[unisog] Automated vulnerability tests upon host to network attachment

Valdis.Kletnieks at vt.edu Valdis.Kletnieks at vt.edu
Thu May 15 13:29:29 GMT 2003

On Wed, 14 May 2003 17:43:57 CDT, John Kristoff <jtk at depaul.edu>  said:

> that pop up on your network this could help reduce those new hosts'
> first MTTC (mean time to compromise :-) who very often have bad
> defaults.
> Thoughts, pointers, experience to share?

It's a good idea, with one problem - it doesn't work unless you also have a
process to patch/harden the machine *before* it connects to the wire (which
basically means sneaker-netting the patch set in via cdrom or similar).
Otherwise, every single host is going to flag up 3 zillion vulnerabilities
because the admin hasn't patched it yet.

Of particular interest are Windows boxes, where "mean time to compromise"
is (last I looked) often less than "mean time to download service pack" - which
means if you connect to the net, you'll get 0wned before you finish sucking
down the patches.  I've been in the office 20 minutes, and I've already
seen 5 probes on port 445 and one on port 139.

Now if you have the technical clue and hardware to back it up, *this* would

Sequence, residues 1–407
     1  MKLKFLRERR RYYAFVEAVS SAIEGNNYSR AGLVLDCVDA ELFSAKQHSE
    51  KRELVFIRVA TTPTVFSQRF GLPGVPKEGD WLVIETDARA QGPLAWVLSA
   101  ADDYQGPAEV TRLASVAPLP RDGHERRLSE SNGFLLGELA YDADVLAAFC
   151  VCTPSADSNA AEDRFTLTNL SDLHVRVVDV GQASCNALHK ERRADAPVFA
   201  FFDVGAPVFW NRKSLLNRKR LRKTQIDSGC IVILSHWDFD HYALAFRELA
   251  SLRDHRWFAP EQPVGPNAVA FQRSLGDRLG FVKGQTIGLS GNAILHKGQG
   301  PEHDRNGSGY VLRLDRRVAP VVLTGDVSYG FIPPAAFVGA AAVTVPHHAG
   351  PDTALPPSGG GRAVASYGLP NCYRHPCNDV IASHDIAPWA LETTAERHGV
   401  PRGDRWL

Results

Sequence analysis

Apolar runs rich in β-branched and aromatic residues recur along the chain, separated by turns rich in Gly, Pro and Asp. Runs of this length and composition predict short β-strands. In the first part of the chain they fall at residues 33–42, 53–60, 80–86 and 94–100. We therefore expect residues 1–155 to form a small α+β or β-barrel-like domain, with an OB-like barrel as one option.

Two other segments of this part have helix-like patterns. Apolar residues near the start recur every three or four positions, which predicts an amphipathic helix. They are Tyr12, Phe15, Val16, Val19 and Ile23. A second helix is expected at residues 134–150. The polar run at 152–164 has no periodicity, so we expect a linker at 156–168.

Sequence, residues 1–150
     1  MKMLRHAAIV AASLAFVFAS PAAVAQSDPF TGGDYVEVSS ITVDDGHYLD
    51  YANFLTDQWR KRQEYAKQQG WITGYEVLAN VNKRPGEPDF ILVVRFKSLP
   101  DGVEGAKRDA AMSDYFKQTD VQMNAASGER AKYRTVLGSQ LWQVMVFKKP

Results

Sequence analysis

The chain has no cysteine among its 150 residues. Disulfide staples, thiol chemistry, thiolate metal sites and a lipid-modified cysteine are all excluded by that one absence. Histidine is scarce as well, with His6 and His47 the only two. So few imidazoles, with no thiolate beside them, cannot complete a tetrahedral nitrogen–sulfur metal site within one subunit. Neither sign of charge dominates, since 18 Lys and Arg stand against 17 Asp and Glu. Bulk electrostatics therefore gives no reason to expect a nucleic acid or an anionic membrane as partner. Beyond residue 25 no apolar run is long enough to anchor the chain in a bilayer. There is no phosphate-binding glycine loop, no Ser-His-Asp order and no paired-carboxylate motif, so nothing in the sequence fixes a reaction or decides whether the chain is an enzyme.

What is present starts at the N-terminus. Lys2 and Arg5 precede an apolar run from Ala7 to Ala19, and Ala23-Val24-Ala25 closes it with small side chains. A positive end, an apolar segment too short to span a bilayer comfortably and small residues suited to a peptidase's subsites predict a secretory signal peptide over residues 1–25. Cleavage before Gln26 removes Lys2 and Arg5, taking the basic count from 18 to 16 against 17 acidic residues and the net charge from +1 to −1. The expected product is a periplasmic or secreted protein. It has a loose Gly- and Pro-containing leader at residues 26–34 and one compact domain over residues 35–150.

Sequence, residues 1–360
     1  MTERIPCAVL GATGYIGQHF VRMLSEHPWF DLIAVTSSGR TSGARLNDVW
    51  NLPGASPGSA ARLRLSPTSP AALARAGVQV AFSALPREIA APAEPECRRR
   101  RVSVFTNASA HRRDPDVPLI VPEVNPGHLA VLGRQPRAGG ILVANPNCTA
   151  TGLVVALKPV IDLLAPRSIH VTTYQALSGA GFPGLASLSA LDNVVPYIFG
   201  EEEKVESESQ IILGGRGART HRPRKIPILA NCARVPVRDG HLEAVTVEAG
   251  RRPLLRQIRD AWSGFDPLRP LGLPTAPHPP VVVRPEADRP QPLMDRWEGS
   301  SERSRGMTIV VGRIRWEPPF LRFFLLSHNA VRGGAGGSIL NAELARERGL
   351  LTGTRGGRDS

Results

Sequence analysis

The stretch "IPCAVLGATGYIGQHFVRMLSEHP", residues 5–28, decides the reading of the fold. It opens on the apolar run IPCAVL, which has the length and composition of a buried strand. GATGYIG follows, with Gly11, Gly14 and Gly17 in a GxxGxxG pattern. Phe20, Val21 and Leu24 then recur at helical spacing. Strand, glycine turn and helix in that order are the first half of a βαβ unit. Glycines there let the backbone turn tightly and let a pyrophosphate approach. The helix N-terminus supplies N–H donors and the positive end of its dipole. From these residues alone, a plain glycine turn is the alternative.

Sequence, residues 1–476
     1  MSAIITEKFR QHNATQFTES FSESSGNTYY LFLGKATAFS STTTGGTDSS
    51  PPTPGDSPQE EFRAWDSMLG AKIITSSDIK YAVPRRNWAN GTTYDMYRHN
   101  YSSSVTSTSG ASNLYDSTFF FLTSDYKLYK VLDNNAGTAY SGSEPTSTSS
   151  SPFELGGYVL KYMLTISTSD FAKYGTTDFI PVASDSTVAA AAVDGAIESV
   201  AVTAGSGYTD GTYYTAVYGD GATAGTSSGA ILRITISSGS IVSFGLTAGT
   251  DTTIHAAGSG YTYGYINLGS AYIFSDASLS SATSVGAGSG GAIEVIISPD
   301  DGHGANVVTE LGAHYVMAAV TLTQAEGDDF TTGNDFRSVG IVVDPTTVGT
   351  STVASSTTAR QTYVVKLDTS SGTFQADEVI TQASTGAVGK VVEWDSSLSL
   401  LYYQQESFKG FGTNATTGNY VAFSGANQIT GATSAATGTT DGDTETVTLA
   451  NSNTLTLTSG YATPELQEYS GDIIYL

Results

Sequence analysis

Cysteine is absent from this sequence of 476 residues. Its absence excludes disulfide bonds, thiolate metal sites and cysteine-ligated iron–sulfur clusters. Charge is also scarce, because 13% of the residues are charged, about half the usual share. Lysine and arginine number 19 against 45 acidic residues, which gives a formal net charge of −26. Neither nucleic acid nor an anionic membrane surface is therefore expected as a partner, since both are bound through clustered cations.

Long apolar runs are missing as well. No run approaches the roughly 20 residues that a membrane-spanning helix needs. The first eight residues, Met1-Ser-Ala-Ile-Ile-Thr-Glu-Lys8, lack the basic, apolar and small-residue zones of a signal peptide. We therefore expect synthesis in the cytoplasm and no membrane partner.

be an interesting scenario:

1) When a new MAC/IP address is seen, you by default block it at the router
level, so it can't be seen or talk to hosts off the subnet - with punchouts
for the local DNS server and a local server that mirrors MS, RedHat, etc

2) Once patched off your local server, the admin visits a local webpage that
kicks off a vulnerability scan.

3) Once it passes the scan, the passing report causes more router magic that
then lets the box talk to the rest of the net.

-------------- next part --------------
A non-text attachment was scrubbed...
Name: not available
Type: application/pgp-signature
Size: 226 bytes
Desc: not available
Url : http://www.dshield.org/pipermail/unisog/attachments/20030515/3c3068d7/attachment-0006.bin

More information about the unisog mailing list